Keywords: Financial stress index, macro-financial linkages, Mixed-Frequency VAR, MIDAS
    JEL: C32 E44 G10
    Date: 2021–09
  6. By: Huiyao Chen (The Wharton School - University of Pennsylvania [Philadelphia]); Changyuan Luo; Mary-Françoise Renard (CERDI - Centre d'Études et de Recherches sur le Développement International - CNRS - Centre National de la Recherche Scientifique - UCA - Université Clermont Auvergne); Shiyi Sun
    Abstract: This paper examines how EU-China trade affected intra-EU trade. The estimation shows that when a country's share of trade with China increased, its share of trade with EU partners declined. This suggests that stronger trade links with China resulted in weaker trade links among EU countries. Furthermore, the "disintegration" effect of the export to China was stronger than that of import from China, meaning that the influence of China as an export destination was greater than that of China as a source of import. An extended analysis shows that the disintegration effect was most strongly felt in trade links among EU core countries, less strongly felt in trade links between EU core and periphery countries, and least strongly felt in trade links among EU periphery countries. In comparison, we find that EU import from the US and India significantly weakened and strengthened intra-EU trade respectively. Estimation results using product level data demonstrate that the effects depend on the types of products we are concerned with. Whether using gross value or value added, the conclusions remain valid.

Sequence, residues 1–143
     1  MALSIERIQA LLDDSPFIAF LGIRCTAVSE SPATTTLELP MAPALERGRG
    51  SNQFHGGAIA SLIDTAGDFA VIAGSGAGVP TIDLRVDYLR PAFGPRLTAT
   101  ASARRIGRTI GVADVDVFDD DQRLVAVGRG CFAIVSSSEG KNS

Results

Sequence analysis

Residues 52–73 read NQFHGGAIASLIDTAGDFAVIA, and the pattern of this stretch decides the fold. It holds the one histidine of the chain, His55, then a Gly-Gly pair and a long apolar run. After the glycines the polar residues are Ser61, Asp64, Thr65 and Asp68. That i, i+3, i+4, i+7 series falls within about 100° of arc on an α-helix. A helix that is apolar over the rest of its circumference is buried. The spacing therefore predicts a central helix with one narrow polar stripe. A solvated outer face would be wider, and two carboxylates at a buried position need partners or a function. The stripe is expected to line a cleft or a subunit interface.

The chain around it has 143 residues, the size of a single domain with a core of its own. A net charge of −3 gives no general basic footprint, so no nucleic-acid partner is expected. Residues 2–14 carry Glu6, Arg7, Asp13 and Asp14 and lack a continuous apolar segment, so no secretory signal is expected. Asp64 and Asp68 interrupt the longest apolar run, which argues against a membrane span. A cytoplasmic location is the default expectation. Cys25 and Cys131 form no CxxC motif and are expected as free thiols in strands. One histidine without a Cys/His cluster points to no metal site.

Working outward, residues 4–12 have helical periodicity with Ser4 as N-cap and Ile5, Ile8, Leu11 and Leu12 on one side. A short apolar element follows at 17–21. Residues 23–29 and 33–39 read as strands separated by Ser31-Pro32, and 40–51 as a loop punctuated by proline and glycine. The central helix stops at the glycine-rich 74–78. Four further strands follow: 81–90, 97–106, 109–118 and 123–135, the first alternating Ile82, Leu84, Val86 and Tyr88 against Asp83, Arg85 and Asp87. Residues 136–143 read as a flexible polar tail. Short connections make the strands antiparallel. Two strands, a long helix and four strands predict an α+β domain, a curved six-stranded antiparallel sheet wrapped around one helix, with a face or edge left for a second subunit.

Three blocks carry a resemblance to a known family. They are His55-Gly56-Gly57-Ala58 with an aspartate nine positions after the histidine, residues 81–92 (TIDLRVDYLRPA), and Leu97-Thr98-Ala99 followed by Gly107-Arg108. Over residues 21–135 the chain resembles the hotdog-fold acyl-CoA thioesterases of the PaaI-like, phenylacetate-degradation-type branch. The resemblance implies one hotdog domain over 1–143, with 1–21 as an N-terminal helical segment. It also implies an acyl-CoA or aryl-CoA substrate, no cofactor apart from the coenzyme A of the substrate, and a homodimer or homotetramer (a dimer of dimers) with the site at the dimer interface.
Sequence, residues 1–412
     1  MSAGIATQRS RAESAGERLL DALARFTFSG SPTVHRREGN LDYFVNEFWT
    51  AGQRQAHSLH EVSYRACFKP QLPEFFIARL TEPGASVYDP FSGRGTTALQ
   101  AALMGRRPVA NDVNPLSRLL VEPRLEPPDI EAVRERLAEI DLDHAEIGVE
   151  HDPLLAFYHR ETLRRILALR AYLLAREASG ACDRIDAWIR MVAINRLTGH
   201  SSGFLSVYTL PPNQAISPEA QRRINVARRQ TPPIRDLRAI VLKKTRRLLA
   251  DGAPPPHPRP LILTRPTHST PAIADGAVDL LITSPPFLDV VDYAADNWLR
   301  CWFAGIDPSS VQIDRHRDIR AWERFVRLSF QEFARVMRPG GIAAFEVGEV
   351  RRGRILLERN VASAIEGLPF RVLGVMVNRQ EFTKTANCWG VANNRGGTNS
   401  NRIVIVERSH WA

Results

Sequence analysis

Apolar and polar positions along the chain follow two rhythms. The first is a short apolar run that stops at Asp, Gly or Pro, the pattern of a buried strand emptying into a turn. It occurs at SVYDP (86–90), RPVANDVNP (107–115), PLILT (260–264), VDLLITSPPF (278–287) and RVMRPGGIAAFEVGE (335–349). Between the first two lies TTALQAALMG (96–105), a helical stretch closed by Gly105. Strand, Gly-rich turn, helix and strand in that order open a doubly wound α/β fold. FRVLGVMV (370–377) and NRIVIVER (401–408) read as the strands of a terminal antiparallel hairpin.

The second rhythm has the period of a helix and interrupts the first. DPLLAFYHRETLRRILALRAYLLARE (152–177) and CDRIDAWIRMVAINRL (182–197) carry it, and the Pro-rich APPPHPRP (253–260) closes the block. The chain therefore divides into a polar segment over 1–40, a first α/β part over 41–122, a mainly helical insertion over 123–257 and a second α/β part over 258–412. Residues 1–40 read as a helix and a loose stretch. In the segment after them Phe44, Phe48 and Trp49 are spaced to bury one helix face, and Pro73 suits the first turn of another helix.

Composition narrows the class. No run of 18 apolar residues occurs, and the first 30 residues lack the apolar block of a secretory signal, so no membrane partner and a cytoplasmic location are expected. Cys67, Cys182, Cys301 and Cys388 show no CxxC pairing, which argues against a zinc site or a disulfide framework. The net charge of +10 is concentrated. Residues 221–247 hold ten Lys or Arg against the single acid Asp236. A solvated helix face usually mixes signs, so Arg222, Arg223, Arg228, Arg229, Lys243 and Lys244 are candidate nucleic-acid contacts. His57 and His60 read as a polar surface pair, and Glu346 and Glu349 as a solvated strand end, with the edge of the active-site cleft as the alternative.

Keywords: complementary,substitute,intra-EU trade,EU-China trade
    Date: 2021
  7. By: Kokkinen, Arto; Obstbaum, Meri; Mäki-Fränti, Petri
    Abstract: Population ageing constitutes a central challenge to Finland. Understanding the Finnish economy's likely future trajectory and the key sources of growth is important for the design of policies to counteract these adverse long-term trends. For this purpose, we develop a novel long-run forecast framework based on enodogenous growth theory with human and fixed capital. A central result is a pronounced projected decrease in human capital, substantially weighing on the long-run GDP outlook for Finland. To revert these trends substantial policy efforts are needed. Unless the decline in human capital can be prevented by increasing fertility, skilled immigration, education or employment, even reaching a growth rate of one per cent after the 2040s would require significant measures to increase new fixed capital investments with new technology.
    Keywords: Forecasting,GDP,Labour productivity,Human capital,Modern growth theory
    JEL: E17 E24 O11
    Date: 2021